Gender disparities across the world are waning, slowly but surely. As a region, Latin America and the Caribbean is making that change at the fastest pace, according to the World Economic Forum’s Global Gender Gap Report 2014, released this week. Since its launch in 2006, the report has tracked countries’ progress towards gender equality in four key areas: health, education, economic participation, and political empowerment.
This year the report looked at 142 countries classified into six regions. Latin America and the Caribbean, taken together, has the third-best regional average, closing 70 percent of its overall gender gap, but also saw the greatest absolute increase of the regions from 2013. Additionally, only three countries in the report improved by a rate of 10 percent or more over the last year, and two were Latin American: Ecuador and Nicaragua. The latter ranked number six in the report’s top 10 countries closest to gender parity. Though the lowest-scoring in the region, Guatemala improved its global ranking more than any other country, with the largest increase in economic participation within Latin America and the Caribbean.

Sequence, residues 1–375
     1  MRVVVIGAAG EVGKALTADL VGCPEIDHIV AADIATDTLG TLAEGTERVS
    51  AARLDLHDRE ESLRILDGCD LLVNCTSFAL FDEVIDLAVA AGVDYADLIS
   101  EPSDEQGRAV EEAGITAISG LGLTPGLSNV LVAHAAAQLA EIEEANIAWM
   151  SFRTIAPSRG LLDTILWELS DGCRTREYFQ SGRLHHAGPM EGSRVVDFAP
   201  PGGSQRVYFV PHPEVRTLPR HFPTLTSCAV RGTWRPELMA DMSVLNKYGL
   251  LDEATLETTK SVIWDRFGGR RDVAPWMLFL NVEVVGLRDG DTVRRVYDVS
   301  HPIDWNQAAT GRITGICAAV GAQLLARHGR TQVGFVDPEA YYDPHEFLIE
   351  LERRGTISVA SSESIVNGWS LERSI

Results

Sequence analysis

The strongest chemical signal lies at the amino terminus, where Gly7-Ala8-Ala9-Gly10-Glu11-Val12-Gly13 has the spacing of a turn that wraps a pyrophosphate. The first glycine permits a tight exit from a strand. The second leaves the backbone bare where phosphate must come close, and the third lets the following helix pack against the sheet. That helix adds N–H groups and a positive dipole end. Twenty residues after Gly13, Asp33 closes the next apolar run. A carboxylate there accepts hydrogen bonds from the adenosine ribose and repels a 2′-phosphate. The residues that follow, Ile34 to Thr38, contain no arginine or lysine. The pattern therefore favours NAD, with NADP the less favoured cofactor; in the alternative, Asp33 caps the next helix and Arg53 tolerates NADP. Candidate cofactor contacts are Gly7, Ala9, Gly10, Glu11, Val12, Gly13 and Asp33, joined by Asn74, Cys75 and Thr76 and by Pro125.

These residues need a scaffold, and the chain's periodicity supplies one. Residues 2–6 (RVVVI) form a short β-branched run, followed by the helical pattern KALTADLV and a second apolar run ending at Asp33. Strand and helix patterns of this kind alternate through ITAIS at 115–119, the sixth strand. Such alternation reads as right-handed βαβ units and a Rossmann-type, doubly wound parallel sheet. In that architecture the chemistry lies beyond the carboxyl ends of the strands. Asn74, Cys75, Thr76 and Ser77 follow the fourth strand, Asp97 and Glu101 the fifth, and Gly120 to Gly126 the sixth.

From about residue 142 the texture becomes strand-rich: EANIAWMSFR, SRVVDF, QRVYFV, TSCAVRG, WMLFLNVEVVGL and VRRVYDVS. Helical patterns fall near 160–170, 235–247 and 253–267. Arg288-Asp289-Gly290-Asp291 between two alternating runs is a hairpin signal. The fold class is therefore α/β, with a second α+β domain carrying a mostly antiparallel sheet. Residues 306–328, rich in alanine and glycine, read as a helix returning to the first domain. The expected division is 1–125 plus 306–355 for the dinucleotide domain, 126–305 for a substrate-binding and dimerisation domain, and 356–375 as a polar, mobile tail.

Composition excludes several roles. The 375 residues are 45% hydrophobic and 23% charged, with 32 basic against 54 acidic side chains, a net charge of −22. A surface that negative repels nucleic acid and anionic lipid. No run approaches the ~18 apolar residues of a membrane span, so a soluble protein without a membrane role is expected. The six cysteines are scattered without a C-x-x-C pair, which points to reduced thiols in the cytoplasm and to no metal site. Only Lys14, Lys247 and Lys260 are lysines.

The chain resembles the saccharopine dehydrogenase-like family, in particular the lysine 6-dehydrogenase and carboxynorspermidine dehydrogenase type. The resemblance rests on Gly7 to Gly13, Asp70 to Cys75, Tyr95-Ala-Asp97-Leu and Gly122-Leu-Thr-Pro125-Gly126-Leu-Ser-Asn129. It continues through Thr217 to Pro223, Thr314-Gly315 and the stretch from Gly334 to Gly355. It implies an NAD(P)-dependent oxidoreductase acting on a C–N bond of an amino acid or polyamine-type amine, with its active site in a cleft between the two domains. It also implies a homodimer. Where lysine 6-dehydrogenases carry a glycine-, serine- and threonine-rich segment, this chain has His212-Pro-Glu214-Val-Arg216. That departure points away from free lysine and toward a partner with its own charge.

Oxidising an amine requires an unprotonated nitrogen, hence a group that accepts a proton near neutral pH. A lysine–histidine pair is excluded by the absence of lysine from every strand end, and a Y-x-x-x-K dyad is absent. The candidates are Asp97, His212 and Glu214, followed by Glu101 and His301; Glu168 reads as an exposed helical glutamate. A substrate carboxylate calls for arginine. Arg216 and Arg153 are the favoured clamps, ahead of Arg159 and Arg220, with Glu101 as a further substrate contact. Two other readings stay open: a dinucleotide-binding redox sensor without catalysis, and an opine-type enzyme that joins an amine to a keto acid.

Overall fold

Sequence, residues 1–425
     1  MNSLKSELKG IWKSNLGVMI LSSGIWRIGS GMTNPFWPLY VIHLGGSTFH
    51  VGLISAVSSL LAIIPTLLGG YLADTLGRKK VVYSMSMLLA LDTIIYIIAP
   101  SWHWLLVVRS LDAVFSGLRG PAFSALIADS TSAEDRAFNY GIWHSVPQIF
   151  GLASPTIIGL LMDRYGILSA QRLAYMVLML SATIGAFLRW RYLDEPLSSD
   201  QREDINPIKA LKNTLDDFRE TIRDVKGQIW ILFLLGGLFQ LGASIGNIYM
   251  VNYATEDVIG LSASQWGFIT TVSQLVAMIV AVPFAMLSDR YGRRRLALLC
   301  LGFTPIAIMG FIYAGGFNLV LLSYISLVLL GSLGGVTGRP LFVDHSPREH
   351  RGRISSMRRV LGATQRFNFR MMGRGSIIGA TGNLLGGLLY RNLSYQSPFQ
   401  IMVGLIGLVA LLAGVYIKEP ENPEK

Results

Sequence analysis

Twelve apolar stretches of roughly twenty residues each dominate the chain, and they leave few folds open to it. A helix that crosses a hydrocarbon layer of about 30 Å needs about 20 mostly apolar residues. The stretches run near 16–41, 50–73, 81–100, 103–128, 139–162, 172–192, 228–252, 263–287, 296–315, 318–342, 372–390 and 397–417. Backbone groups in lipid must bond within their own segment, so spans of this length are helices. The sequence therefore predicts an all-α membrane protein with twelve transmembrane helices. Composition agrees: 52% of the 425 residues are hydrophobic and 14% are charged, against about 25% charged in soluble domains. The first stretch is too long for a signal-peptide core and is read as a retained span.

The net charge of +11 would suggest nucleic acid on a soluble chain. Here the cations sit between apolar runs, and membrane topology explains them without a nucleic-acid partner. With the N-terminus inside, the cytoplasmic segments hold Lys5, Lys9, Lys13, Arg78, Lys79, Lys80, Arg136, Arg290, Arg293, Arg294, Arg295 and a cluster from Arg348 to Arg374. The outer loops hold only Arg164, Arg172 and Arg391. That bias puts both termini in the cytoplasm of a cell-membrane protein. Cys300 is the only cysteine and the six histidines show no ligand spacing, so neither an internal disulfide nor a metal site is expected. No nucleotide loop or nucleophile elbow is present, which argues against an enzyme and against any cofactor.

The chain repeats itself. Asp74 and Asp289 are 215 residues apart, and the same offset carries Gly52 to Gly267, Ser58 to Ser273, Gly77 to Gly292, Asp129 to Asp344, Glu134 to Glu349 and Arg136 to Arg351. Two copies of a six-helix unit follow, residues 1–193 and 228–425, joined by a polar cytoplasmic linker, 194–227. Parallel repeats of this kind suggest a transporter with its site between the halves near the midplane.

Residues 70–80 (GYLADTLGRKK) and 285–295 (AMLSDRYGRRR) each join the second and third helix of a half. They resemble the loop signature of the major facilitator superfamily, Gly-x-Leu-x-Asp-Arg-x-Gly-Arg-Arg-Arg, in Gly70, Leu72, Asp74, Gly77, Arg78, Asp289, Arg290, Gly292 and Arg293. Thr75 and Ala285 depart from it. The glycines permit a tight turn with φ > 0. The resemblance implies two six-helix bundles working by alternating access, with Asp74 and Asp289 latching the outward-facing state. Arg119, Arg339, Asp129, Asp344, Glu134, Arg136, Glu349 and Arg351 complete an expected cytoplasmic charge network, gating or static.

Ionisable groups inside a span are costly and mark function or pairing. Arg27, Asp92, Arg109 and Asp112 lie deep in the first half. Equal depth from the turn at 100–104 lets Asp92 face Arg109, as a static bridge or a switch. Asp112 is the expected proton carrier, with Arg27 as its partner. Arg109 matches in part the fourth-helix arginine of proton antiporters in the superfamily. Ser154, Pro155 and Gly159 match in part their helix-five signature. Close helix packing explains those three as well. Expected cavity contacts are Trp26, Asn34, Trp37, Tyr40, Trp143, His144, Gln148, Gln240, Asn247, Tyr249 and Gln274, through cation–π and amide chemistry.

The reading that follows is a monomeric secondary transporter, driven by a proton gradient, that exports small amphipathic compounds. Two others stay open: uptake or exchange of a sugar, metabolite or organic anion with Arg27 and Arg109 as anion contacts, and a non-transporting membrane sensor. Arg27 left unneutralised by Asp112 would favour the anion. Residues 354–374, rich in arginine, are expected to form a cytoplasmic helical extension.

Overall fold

Given that women control 70 percent of global consumer spending, economic equality for women is an important step for the overall prosperity of Lain America. For instance, a study by McKinsey & Company in 2013 looked at 472 companies in six Latin American countries (Argentina, Brazil, Chile, Colombia, Mexico, and Peru) and found that those with one or more women executives had, on average, 47 percent more earnings before interest and taxes.
AS/COA Online puts the numbers in perspective.